The TR6 wears a splendid set of MSW chrome wire wheels with knock-off spinners, which complete the period look with panache, and are shod in fresh period-dimension tyres.
Inside the boot, everything’s as solid as a rock beneath the carpet, and the spare wheel is a correct wire wheel to match the others. Inside the car, the interior is very well presented with its sculpted seats in excellent condition and the dashtop un-cracked. The wood dash is free from lacquer peel, and the gauges function as they should. The radio has been replaced with a modern Kenwood Bluetooth head unit, with Pioneer speakers mounted either side of the centre console – a setup that aids modern usability, but would be easily removable if a purist so desired.
The soft-top is a quality item which is free from holes, tears or split seams, and its plastic windows are clear and have no crazing, folds or milkiness. The hood attaches easily and securely on the correct mounting points.
The under-bonnet area is very well presented, with everything exactly as Triumph intended aside from the handy addition of the electronic ignition and modern starter motor. There are no leaks, and no grime of ages – indeed, it looks very much as it would have done when it was new.
Anyone who’s driven a TR6 will know what to expect of a quality example: an eager and willing surge of grunt from that venerable straight-six, mated to an affable gearbox with well-judged ratios, and a chassis which is at once playful and comfortable. All of these elements are in place here, with the Jasmine Yellow roadster representing a textbook example of what a TR6 should be.
This 2.5-litre motor always starts first-time, and revs as cleanly as you’d expect of such a well cared for machine. There are no leaks, no troubling noises, no surprises. The same is true of the four-speed manual gearbox, which engages cleanly and operates correctly with overdrive on demand in 2nd, 3rd and 4th.
The chassis of the TR6, which was the subject of years of refinement by Triumph, sports a semi-trailing arm independent rear end along with rack-and-pinion steering, and this setup provides a surprisingly modern feel – this particular example feels as tight as a drum, with the handling offering a pleasing mix of control and softness, the steering being firm and precise, and the brakes pulling straight and strong.
One of the owner’s favourite elements of the car is the sound of the crackling overrun through the sports exhaust system, and we’d suggest that this is a key selling point. Because while this car has been pampered and allowed to mellow in garages over the years, it’s also willing and eager to be used. It’s positively straining at the leash to get out and enjoy the summer.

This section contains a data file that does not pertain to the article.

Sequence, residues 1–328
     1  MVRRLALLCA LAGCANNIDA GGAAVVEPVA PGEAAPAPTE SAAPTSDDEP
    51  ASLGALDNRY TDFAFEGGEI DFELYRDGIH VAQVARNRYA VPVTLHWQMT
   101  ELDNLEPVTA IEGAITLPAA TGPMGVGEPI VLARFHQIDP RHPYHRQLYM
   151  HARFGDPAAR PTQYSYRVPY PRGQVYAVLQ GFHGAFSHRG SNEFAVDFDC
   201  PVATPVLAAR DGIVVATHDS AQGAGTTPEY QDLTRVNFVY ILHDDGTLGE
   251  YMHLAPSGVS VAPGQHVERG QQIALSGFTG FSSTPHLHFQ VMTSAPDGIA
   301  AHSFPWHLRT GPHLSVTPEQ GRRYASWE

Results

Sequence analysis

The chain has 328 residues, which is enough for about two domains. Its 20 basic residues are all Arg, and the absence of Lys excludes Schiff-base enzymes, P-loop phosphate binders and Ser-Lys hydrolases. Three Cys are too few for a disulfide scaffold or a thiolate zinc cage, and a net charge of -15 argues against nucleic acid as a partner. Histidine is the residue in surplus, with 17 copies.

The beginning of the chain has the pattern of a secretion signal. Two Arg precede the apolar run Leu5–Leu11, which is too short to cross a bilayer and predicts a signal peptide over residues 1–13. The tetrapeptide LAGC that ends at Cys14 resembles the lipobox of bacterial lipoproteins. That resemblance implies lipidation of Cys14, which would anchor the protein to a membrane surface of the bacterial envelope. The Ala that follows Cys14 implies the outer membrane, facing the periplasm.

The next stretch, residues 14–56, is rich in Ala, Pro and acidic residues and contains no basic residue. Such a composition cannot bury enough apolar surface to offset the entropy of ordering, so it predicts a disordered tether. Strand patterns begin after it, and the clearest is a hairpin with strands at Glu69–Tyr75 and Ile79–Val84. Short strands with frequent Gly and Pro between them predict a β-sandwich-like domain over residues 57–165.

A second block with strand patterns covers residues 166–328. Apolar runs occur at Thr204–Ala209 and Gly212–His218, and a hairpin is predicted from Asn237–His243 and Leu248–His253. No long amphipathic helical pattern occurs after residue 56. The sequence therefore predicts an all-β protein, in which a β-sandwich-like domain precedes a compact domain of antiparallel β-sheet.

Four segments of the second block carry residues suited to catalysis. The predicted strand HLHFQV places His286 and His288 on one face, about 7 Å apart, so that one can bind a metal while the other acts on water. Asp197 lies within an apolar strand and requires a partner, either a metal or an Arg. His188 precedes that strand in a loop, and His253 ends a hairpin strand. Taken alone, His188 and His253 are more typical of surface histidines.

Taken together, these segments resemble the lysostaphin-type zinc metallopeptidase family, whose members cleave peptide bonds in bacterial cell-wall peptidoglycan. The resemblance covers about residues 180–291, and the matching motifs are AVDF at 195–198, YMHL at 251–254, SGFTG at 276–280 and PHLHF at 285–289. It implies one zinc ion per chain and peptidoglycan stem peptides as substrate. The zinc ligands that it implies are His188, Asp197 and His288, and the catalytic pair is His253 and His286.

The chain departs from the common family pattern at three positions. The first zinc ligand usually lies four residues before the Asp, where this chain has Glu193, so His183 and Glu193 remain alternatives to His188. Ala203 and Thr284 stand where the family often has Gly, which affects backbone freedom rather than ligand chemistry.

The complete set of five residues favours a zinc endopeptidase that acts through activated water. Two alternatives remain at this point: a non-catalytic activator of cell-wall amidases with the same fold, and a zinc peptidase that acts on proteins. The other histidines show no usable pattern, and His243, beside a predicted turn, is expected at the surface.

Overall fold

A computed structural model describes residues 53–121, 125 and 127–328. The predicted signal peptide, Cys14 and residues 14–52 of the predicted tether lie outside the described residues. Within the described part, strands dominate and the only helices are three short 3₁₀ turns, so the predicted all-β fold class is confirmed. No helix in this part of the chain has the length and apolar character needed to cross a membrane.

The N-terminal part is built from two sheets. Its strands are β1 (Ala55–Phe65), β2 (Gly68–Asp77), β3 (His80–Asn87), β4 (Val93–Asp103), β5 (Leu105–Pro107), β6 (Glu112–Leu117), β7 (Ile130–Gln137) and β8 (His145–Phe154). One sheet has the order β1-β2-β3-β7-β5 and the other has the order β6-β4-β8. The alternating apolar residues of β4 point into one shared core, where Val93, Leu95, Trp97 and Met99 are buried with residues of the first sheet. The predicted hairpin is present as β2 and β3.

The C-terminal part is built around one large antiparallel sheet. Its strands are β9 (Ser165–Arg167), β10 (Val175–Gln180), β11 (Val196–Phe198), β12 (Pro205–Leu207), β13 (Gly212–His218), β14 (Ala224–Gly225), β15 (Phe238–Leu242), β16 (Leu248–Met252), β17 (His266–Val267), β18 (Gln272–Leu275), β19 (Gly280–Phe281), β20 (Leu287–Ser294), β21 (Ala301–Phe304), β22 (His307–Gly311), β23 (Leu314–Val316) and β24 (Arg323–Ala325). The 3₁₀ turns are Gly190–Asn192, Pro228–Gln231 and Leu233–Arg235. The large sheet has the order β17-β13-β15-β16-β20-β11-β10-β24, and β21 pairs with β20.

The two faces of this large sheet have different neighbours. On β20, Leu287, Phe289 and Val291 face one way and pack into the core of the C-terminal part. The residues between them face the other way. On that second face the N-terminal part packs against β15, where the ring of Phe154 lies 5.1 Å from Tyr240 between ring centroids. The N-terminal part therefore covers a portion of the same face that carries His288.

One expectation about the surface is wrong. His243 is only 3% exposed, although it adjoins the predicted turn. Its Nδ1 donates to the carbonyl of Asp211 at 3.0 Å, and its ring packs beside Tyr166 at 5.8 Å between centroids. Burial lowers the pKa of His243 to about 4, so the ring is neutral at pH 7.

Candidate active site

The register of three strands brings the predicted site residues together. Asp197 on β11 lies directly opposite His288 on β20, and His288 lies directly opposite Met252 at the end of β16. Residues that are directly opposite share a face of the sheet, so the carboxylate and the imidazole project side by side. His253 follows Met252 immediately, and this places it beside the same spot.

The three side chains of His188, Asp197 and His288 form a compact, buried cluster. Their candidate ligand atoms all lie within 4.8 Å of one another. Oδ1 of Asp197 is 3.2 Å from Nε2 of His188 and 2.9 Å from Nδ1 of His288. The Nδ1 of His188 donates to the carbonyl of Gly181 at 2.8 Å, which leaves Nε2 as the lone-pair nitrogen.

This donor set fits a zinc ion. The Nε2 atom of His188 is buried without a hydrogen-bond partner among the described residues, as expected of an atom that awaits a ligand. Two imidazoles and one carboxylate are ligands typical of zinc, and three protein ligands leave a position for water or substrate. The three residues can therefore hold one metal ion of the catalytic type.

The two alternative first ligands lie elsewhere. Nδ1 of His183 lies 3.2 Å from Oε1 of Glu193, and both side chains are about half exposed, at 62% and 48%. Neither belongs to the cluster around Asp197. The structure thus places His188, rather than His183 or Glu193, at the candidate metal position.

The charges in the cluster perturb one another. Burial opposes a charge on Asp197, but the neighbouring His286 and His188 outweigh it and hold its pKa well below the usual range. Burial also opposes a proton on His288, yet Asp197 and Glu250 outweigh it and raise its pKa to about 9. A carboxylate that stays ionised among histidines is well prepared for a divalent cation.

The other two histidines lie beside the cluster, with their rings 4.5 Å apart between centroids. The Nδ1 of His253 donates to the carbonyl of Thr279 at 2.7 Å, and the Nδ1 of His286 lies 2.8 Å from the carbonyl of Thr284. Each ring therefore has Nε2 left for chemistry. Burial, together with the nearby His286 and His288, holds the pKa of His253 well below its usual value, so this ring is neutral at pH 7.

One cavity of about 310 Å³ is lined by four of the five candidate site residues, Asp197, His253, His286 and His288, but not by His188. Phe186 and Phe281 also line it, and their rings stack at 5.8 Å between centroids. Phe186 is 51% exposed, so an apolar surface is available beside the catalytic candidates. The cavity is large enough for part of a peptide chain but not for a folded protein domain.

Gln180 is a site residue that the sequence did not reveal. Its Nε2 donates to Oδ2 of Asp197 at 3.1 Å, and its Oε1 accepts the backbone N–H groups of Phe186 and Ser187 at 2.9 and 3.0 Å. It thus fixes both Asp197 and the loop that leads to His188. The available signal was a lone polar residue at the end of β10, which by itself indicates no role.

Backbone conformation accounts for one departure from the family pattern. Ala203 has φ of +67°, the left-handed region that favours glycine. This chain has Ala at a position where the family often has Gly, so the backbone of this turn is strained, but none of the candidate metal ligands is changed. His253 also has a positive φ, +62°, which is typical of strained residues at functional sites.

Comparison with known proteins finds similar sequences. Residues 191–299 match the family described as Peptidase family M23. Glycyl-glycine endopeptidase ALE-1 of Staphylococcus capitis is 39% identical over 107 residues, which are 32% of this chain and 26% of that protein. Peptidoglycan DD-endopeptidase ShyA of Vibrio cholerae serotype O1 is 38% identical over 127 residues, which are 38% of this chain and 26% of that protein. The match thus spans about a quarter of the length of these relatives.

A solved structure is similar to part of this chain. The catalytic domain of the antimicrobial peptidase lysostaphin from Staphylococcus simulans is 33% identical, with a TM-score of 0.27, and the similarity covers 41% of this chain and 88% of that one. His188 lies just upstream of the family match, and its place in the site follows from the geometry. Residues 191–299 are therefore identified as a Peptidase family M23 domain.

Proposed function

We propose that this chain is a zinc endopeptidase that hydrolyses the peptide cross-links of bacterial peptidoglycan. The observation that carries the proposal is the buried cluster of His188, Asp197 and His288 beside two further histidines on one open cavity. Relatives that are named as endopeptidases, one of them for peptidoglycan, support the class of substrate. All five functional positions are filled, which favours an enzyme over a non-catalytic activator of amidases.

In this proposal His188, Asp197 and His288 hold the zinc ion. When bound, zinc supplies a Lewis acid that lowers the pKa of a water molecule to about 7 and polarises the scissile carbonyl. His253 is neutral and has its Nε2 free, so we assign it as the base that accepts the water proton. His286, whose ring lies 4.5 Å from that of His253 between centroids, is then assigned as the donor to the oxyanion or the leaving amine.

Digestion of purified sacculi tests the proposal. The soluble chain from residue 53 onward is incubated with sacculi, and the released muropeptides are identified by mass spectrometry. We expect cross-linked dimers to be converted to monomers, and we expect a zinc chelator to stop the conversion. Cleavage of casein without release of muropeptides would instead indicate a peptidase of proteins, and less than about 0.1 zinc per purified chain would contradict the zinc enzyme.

2020 is, it has to be said, quite a strange year on a number of fronts. And while the various machinations of reality have conspired to erode our enjoyment of the day-to-day, that’s perhaps the ideal excuse to invest in something that can transport a person back to a simpler time… and what better choice than a TR6?
Celebrating its fiftieth birthday this year, the Jasmine Yellow TR6 has been biding its time over the generations, just waiting for a new owner to pair up with and paint some new memories in broad strokes across the landscape of the 2020s. The appeal of a simple open-top roadster is undeniable, and in a market rich with options, the TR6 makes an irresistible case for itself: the chassis is remarkably sophisticated for its age, allowing you to fully exploit the power on tap – and with 150bhp to play with, it really is a recipe for wind-in-the-hair thrills. But at the same time, the ride is comfortable and pliant, making for a superb grand tourer as well as a highly amusing sports car.
The TR6, then, is a strong choice. And why this particular TR6? Well, quite simply it’d be tricky to find a better one. This car is, in terms of spec and equipment, exactly as it was when it left the factory, save for the modern ignition, starter motor, and radio. The car has been carefully restored to correct specs, and is every inch the 1970s cruiser, gently optimised for twenty-first century thrills. Whether you’re after a toy for high days and holidays, an addition to a showground collection, or a year-round daily driver, this perky little Triumph could wear any of those disparate hats with verve and aplomb.